DES MOINES -- The 2016 Iowa caucuses were more polled, more frequently, than any previous contest. Starting in November, there were multiple weekly looks at the Iowa electorate, many of them earning bright red chyrons on cable news.
But there was only one Des Moines Register-Bloomberg Politics poll -- and only one Ann Selzer. The maestro of the Iowa poll came into Monday night as the subject of a glowing FiveThirtyEight profile ("Ann Selzer is the best pollster in politics"), a glowing Politico profile ("Ann Selzer's secret sauce") and a guest appearance on Showtime's real-time documentary "The Circus" in which synergistic hosts Mark Halperin and John Heilemann came to her office to pay tribute.
"Having had this success ...," started Halperin.
"There's this mystique of infallibility -- and I don't like it," interrupted Selzer.
"Does that make you feel more pressure?" asked Halperin.
"Yes!" said Selzer."I expect a surprise."
She was on to something. The Saturday release of her poll -- part of a Bloomberg party and livestream -- was a genuine event, attended by journalists who scrambled to rewrite the narrative of 2016. The poll, unfortunately, did not predict the winner of the caucuses. The final DMR-BP poll saw a Republican contest led by Donald Trump, with 28 percent of the vote, outside the margin of error. It pegged Sen. Ted Cruz (R-Tex.) at 23 percent, a severe slide from his December peak, and Sen. Marco Rubio (R-Fla.) at just 15 percent, and sliding.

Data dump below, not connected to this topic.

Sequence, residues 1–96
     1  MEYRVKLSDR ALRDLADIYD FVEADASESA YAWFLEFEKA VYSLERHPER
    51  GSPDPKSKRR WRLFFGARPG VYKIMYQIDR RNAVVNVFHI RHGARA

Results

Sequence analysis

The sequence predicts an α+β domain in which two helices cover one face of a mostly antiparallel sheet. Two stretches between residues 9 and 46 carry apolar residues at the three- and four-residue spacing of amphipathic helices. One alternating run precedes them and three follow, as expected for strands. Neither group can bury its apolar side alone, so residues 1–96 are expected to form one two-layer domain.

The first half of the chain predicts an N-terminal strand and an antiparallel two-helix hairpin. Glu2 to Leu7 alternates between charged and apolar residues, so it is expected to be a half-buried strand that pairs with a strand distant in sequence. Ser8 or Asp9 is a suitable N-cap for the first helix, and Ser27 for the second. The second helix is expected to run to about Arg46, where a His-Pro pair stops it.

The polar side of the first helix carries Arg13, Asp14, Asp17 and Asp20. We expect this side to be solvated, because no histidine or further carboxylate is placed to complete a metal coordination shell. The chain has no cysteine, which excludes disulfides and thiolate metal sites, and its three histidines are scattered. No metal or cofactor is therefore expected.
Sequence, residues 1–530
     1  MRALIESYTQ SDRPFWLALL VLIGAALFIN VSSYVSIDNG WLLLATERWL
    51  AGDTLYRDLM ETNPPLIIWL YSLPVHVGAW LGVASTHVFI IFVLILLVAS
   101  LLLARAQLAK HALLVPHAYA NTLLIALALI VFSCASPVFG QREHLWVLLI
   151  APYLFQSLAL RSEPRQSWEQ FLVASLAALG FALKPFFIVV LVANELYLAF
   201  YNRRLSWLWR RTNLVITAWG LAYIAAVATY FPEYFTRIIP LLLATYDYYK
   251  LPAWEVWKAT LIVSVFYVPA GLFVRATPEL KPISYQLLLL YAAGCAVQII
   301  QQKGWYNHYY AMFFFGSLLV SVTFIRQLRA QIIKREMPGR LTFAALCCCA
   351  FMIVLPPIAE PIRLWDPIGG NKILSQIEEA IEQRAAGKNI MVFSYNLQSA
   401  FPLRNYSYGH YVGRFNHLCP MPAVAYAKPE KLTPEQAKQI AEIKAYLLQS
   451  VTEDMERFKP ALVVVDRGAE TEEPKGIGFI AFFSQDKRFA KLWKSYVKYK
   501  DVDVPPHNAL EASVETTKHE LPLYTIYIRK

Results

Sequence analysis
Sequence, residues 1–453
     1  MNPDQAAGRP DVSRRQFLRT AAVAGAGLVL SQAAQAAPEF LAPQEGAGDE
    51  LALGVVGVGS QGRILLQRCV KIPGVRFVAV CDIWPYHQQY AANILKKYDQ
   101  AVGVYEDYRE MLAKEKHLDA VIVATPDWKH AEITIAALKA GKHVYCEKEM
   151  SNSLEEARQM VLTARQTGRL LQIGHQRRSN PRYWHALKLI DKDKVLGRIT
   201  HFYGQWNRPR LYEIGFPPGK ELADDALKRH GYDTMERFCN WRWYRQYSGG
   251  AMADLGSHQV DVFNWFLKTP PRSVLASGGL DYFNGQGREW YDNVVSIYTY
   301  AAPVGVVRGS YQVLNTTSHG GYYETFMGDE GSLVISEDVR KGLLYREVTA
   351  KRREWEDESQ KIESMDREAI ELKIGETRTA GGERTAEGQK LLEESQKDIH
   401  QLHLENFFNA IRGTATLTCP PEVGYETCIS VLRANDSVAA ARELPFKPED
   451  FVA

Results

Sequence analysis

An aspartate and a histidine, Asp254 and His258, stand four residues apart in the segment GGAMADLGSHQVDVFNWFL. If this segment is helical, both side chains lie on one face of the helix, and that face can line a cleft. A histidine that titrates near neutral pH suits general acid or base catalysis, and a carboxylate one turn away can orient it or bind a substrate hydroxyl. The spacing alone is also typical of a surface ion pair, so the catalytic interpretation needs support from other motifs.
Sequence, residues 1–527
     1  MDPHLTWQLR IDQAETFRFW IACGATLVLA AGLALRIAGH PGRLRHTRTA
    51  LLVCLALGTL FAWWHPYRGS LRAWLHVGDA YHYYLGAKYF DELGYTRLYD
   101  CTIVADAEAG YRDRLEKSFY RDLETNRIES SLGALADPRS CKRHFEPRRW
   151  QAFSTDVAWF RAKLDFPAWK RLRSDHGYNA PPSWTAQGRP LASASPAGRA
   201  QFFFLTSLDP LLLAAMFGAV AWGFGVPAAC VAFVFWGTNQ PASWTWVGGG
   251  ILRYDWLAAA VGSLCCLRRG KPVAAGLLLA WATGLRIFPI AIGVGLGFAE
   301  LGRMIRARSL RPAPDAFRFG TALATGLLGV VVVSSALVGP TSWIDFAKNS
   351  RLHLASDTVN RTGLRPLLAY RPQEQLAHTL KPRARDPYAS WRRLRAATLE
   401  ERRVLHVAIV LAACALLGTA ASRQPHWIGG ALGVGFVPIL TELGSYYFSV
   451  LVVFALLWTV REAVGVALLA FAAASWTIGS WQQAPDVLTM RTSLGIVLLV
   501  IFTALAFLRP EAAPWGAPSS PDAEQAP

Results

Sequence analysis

What happened? When asked, Selzer answered right away, with something that sounded like relief.
"In all the press I did in the last two days—and it was a LOT — I talked about the fluidity," she wrote in an email. "Up to the last moment — including inside the caucus room — campaigns and supporters are working for change! Surprise! Big evangelical turnout — no doubt the biggest."
What the poll could not pick up was the success of the better-organized candidates in winning over the absolute latest deciders, the people who finally weighed in after the poll's Saturday release. No pollster truly nailed that. Emerson Polling, a newer outfit less used to being called a "gold standard," got kudos for finding a much tighter Republican race and Rubio moving above 20 percent. But it also saw a breakout lead for Sen. Bernie Sanders (Vt.) where Selzer saw a statistical tie.
"Trump was disliked by vast majority of caucus-goers who didn’t support him," Selzer said. "Bernie’s extraordinary strength was with first-timers, who showed up in above-projected numbers. I talked about the consequences of all this. In the end, a little bit of democracy happened last night, and it was thrilling to anyone who is fascinated by politics."
Would Selzer miss the fanfare, the people basing entire analyses of Iowa on what her numbers found? No, no, no. "If I’m demoted to 'silver standard,' I’m fine with that," she said. "I was never all that comfortable with the hype."